A thief reported at Gander Mountain was described by a witness as a white woman between ages 30 and 40, yet the license plate on the car she was seen jumping into was registered to an elderly Asian woman. Using the system, he said, they were able to see that the owner's son's girlfriend matched the description.

IBM, a major employer in Rochester, has sold its software to many cities ranging from Memphis, Tenn., to Charleston, S.C. The company markets the system as leveraging "advanced algorithms specifically optimized to recognize nefarious individuals and organizations despite their sophisticated attempts to mask their identity, their unscrupulous relationships, and their activities."

Building on the same technology, the city even developed a smartphone app that allows officers to do a more detailed search on a suspect before walking up to the person at a traffic stop or somewhere else out in the field. Cops now have access to information about not just the registered owner of the car, but people one or two degrees of separation from that person who are on probation or who have been involved in a violent crime or weapons violations.

All of this has made the department more efficient at making arrests, according to Peterson, the police chief.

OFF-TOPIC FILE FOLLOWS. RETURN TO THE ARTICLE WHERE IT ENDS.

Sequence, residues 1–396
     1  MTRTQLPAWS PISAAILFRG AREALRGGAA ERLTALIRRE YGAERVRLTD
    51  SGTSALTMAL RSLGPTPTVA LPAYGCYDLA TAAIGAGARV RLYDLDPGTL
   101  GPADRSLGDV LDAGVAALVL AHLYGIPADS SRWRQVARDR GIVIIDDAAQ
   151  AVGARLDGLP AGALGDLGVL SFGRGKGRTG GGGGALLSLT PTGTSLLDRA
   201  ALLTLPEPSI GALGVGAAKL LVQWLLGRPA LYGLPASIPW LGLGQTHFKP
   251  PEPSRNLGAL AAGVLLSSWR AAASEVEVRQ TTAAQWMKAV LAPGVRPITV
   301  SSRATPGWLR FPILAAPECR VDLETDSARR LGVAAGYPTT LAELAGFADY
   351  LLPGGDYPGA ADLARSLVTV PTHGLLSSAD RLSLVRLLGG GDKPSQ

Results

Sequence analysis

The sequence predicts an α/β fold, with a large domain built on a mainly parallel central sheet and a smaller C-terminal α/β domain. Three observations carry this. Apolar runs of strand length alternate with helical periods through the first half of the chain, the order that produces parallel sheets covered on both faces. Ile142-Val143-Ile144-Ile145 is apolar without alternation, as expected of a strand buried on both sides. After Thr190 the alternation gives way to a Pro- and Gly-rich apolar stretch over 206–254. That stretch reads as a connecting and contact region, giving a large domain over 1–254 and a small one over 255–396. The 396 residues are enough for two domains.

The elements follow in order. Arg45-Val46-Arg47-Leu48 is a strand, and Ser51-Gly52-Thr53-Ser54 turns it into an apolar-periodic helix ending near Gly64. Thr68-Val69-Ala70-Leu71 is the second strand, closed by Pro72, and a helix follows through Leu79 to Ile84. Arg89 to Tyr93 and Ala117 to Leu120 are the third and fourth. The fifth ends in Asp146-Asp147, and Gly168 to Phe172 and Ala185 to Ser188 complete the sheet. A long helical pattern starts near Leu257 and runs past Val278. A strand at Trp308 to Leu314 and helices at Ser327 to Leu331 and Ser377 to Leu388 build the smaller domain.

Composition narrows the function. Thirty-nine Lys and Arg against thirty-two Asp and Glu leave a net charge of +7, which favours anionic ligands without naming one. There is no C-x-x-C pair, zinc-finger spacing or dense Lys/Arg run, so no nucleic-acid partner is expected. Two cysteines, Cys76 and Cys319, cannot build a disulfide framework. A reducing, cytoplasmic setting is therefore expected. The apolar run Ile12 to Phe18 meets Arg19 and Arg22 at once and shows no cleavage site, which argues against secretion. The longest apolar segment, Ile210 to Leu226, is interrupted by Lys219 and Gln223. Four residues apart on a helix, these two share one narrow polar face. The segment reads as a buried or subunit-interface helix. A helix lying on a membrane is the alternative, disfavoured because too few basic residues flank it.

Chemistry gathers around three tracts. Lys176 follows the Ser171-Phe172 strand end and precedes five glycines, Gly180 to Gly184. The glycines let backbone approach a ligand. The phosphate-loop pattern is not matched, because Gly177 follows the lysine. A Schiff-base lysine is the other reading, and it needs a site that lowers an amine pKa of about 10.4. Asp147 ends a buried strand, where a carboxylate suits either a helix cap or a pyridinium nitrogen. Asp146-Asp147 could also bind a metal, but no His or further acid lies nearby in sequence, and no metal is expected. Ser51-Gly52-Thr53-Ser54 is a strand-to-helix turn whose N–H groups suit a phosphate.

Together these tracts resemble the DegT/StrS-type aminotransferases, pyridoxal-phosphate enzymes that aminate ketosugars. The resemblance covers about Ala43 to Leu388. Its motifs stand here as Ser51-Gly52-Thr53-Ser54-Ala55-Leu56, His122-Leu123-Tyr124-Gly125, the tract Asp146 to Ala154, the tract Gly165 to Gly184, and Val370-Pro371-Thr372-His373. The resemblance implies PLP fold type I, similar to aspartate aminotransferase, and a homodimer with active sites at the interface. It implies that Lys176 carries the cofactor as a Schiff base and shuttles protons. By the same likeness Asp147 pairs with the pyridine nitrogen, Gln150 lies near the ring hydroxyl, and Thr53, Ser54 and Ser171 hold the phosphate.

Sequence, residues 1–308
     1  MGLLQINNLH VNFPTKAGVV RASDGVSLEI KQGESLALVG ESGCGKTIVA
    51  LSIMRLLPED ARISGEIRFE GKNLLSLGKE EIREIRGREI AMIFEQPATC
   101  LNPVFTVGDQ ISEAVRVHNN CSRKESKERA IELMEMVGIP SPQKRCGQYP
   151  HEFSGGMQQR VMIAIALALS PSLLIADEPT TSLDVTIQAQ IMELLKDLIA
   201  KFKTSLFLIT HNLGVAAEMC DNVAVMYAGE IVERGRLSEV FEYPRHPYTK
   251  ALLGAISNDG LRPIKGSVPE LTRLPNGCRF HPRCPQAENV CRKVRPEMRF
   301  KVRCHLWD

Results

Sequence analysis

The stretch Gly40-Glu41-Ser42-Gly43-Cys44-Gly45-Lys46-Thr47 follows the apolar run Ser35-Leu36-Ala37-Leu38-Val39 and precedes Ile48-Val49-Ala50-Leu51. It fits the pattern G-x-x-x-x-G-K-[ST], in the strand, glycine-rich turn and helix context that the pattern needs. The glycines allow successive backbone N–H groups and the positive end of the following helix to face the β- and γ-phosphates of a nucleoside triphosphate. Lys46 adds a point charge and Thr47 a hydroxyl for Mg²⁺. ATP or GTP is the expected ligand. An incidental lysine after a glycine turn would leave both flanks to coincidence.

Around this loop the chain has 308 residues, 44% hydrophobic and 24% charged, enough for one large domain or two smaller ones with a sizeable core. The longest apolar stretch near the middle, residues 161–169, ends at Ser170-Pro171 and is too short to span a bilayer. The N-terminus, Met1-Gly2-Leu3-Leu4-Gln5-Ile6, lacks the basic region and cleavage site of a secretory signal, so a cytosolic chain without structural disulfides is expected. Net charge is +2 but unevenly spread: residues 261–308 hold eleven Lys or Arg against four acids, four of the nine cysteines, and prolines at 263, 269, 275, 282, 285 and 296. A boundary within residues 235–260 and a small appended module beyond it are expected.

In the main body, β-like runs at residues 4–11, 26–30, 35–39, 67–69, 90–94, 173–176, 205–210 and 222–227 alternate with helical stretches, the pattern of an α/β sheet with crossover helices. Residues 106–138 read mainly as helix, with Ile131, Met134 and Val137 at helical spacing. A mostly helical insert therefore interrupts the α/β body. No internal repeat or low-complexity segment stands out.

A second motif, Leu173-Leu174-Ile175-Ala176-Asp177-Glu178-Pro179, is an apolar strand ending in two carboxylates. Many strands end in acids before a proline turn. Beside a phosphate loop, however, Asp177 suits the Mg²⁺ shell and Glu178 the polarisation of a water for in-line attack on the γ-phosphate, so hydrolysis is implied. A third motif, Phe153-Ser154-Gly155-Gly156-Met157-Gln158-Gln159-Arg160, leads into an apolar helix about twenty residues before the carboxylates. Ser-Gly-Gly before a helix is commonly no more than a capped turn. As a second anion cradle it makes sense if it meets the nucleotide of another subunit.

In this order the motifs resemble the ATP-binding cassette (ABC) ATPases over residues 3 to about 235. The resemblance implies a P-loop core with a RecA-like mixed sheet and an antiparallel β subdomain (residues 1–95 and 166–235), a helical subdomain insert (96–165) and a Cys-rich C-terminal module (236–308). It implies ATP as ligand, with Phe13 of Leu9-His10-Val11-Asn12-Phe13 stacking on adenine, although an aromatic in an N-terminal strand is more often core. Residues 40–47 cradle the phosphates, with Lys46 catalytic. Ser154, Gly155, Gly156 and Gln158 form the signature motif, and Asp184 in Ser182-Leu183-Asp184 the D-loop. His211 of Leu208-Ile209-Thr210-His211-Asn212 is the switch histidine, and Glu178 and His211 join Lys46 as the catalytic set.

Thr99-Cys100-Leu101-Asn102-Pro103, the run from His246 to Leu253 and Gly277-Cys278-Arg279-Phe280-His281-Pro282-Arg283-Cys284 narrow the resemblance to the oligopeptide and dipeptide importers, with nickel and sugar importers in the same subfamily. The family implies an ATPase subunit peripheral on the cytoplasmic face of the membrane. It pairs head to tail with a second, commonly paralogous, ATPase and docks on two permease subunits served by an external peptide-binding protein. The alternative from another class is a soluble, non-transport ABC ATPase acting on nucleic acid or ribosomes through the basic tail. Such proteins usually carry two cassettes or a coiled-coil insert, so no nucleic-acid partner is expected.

"If we get that effective in shutting off the supply of those serious, prolific offenders, we'll be doing a lot more good for the community. We'll certainly be doing a lot more for those kids."

Privacy, profiling concerns

Peterson and the police department are offering scant details about the next phase of the program that involves juveniles because the city is still trying to hammer out exactly how it would work. It would likely need cooperation of other agencies, like the school system.

But the police chief said that it would start with a close look at Rochester's most prolific adult offenders. Officers would review commonalities among them and then identify a field of young people who are not yet in the criminal justice system but share some of the same early behaviors as the adult offenders.

Peterson vowed not to green-light the pilot project until the city finishes assembling a seven-member oversight commission this year.

Kolloh Nimley and other critics, especially data privacy advocates, say too many questions remain.

"Who has access to that data, how long will the data be available, where is it stored, what's the protection policies?" said Nimley, a community program specialist for the Council on Black Minnesotans. "All those things are a concern."

She added that she also worries that targeting people at such a young age could involve profiling people of color.

But Peterson insists that a more data-driven approach actually prevents racial profiling, and that race won't be taken into account. He said the department does not plan to hold onto any data after referring young people to outside programs.

"I think the more information that gets out there, the more comfortable people are going to be," Peterson said. "We're not creating some monster to follow kids around their whole life."